Mark Jones, from
How did you end up designing the covers of HYGIY? Did you offer your
I was always
interested in doing some covers for bootlegs but didn't really know how. It
just so happened that I'd not long just got a PC and had just started a full
time college course studying Graphic Design so by the time it came for some
covers to be made I'd had a little bit of practice. At the end of first year I
had to pick a biggish project to do and it so happened to tie in that it was at
the same time as the first batch of CD's being finished, so I volunteered my
services and did the first four covers as my end of year project.
Were you alone in the task?
Yes I did them all
myself, but I did get a guiding hand from my college tutors.
Did you follow any pattern for the design?
I love doing
collages and had a huge collection of photos to work from so used that as a
starting point. I learnt a lot making them and if I did them now they would be
much better. I've got better since then! For instance, looking at them now, I
would have used a bigger main image for each cover then surrounded them with
smaller ones, instead of just using smallish pictures all over. I would do that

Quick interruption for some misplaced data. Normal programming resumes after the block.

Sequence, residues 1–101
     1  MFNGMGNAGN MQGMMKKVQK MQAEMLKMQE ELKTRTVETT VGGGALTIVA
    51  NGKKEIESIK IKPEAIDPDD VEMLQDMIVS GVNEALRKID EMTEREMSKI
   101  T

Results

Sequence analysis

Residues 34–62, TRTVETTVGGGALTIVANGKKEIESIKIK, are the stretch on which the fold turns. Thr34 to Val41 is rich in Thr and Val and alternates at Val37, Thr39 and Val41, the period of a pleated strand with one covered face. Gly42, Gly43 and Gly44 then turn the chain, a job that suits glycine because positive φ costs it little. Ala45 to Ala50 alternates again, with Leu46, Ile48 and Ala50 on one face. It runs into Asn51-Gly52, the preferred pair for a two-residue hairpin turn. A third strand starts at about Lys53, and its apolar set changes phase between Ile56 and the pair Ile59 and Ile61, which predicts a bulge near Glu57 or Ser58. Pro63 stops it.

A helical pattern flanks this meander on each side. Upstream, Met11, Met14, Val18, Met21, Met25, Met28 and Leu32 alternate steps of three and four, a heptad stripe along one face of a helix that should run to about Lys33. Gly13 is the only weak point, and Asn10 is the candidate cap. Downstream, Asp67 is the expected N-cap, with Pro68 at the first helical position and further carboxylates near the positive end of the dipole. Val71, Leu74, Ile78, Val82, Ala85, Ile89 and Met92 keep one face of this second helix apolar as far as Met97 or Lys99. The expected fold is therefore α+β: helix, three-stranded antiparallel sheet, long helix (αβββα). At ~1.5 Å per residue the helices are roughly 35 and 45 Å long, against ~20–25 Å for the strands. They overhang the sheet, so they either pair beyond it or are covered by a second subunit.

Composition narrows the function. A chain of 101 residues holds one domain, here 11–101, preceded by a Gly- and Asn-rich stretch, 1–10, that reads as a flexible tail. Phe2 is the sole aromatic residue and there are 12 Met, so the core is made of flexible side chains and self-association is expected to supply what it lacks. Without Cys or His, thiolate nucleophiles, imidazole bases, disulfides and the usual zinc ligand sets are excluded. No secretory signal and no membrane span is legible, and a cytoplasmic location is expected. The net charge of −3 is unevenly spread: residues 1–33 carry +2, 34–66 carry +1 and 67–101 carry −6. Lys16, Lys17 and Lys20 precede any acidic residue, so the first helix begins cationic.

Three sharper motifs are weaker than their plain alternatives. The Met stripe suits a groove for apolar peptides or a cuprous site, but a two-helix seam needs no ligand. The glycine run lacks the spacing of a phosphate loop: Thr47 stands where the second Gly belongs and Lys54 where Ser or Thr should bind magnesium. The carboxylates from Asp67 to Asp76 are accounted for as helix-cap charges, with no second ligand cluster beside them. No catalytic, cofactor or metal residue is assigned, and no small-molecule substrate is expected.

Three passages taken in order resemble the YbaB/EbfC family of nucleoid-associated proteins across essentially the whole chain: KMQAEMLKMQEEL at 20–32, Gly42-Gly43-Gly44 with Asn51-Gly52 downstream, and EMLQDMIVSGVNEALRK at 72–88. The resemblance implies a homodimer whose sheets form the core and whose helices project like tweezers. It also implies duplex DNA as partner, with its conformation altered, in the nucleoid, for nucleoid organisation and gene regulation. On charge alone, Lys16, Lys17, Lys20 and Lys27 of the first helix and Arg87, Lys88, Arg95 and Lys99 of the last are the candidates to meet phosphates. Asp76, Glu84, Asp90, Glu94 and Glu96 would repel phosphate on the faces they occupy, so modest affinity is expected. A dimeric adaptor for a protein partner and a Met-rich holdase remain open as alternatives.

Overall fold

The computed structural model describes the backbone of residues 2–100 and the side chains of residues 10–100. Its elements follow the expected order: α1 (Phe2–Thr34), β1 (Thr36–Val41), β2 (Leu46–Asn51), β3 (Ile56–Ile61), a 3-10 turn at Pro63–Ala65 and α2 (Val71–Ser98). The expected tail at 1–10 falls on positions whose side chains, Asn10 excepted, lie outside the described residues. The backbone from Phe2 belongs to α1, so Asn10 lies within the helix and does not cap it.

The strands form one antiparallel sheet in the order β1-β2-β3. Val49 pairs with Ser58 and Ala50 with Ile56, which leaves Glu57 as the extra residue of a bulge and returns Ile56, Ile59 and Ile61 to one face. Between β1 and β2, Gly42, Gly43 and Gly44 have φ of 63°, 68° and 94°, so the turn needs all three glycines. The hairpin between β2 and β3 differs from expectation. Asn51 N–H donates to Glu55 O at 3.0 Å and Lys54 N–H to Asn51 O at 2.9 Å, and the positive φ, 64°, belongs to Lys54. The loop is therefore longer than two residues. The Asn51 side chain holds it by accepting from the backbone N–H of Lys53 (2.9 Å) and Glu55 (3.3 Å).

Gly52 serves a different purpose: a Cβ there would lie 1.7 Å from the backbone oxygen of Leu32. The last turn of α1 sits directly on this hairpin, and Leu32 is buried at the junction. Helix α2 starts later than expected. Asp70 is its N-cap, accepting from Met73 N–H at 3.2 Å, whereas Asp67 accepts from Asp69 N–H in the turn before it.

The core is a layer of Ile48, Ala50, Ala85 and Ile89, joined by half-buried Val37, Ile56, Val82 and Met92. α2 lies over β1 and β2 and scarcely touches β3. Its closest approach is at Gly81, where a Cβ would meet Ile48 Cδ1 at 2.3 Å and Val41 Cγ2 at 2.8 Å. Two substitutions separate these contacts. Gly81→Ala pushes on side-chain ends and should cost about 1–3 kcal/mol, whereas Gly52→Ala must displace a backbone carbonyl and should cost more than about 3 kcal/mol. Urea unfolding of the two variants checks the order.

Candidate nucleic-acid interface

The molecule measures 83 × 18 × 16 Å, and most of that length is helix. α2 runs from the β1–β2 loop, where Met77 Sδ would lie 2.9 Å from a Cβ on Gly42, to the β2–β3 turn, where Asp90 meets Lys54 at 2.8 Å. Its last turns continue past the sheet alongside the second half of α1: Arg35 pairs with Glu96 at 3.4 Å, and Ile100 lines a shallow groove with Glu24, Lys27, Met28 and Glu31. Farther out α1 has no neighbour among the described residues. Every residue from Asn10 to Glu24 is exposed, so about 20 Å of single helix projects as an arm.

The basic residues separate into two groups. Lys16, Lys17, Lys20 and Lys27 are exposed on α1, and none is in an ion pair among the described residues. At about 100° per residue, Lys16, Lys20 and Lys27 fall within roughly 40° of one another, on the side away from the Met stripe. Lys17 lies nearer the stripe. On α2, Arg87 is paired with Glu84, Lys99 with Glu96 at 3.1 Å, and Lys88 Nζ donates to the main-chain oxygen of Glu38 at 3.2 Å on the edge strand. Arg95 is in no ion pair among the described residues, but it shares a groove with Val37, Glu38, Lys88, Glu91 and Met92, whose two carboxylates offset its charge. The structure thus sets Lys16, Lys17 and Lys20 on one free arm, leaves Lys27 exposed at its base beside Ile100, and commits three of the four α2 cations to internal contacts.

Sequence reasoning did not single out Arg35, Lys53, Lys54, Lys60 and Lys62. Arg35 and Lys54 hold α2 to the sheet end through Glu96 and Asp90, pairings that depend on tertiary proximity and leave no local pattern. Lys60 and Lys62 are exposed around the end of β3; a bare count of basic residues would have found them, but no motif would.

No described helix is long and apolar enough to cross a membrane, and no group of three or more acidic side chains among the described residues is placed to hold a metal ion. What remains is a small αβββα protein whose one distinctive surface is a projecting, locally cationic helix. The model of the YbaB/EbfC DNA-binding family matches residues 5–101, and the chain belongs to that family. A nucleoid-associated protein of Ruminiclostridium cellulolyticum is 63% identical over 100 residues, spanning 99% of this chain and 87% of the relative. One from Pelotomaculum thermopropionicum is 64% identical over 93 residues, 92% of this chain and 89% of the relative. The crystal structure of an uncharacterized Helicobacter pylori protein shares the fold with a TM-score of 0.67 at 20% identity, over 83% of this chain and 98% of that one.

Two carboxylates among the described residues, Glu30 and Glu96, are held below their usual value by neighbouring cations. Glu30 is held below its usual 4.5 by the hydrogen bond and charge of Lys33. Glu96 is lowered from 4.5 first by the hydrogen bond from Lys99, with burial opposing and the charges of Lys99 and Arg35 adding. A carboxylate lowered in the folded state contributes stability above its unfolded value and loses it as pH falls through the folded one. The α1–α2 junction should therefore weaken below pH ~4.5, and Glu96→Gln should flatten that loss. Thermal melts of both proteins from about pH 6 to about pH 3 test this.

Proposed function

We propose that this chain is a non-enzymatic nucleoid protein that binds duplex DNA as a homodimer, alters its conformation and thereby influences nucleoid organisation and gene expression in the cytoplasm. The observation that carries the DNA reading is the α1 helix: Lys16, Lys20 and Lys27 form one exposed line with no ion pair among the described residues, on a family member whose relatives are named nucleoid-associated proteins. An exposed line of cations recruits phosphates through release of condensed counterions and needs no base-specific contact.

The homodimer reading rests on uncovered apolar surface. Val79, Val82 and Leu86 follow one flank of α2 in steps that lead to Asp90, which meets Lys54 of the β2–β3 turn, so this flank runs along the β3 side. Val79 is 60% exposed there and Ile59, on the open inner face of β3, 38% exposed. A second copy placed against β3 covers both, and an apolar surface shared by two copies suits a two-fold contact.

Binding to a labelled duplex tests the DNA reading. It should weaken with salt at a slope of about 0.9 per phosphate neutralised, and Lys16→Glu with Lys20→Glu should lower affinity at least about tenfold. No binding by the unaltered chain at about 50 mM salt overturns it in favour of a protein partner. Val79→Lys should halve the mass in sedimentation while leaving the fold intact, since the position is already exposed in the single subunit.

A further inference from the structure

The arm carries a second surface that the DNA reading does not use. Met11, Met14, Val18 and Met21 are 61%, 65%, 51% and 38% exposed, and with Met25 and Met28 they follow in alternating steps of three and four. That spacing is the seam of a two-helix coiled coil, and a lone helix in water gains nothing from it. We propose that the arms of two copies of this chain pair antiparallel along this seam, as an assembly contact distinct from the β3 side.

differently now. I had sort of got the idea by Volume 4, where I used a bigger
image of Syd in the middle.
How did you find the Syd Yahoo group?
It's so long ago
now I don't really remember. It most probably would have been just me typing in
'Syd Barrett' into Google.
Once you had the first volumes on your hands, and listened to it… what did
It was amazing.
There was so much stuff all over the place that it was brilliant to have it all
in one place. For instance, I had the song 'Lucy Leave' on a bootleg called
'Magnesium Proverbs', it was great quality but the very beginning was missing.
I had the same song on another bootleg but in lesser sound quality, but the